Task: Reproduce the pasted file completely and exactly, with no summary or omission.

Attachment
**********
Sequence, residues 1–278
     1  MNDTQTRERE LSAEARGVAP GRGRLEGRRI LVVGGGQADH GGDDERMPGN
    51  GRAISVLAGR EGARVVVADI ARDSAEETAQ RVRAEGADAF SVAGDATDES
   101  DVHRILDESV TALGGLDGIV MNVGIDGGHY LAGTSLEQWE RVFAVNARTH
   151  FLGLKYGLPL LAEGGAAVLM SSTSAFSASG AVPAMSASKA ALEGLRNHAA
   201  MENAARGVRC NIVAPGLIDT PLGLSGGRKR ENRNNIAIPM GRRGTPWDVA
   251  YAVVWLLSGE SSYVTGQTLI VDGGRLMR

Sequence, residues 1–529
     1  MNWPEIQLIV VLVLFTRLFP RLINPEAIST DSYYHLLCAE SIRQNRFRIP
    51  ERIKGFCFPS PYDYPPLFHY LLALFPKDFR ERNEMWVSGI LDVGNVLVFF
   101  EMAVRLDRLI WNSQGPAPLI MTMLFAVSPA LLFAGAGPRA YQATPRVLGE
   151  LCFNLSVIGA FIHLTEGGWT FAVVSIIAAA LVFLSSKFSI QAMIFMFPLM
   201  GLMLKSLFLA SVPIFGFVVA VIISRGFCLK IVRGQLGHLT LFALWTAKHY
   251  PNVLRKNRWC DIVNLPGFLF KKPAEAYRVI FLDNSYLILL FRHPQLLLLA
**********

Sequence, residues 1–278
     1  MNDTQTRERE LSAEARGVAP GRGRLEGRRI LVVGGGQADH GGDDERMPGN
    51  GRAISVLAGR EGARVVVADI ARDSAEETAQ RVRAEGADAF SVAGDATDES
   101  DVHRILDESV TALGGLDGIV MNVGIDGGHY LAGTSLEQWE RVFAVNARTH
   151  FLGLKYGLPL LAEGGAAVLM SSTSAFSASG AVPAMSASKA ALEGLRNHAA
   201  MENAARGVRC NIVAPGLIDT PLGLSGGRKR ENRNNIAIPM GRRGTPWDVA
   251  YAVVWLLSGE SSYVTGQTLI VDGGRLMR

Sequence, residues 1–529
     1  MNWPEIQLIV VLVLFTRLFP RLINPEAIST DSYYHLLCAE SIRQNRFRIP
    51  ERIKGFCFPS PYDYPPLFHY LLALFPKDFR ERNEMWVSGI LDVGNVLVFF
   101  EMAVRLDRLI WNSQGPAPLI MTMLFAVSPA LLFAGAGPRA YQATPRVLGE
   151  LCFNLSVIGA FIHLTEGGWT FAVVSIIAAA LVFLSSKFSI QAMIFMFPLM
   201  GLMLKSLFLA SVPIFGFVVA VIISRGFCLK IVRGQLGHLT LFALWTAKHY
   251  PNVLRKNRWC DIVNLPGFLF KKPAEAYRVI FLDNSYLILL FRHPQLLLLA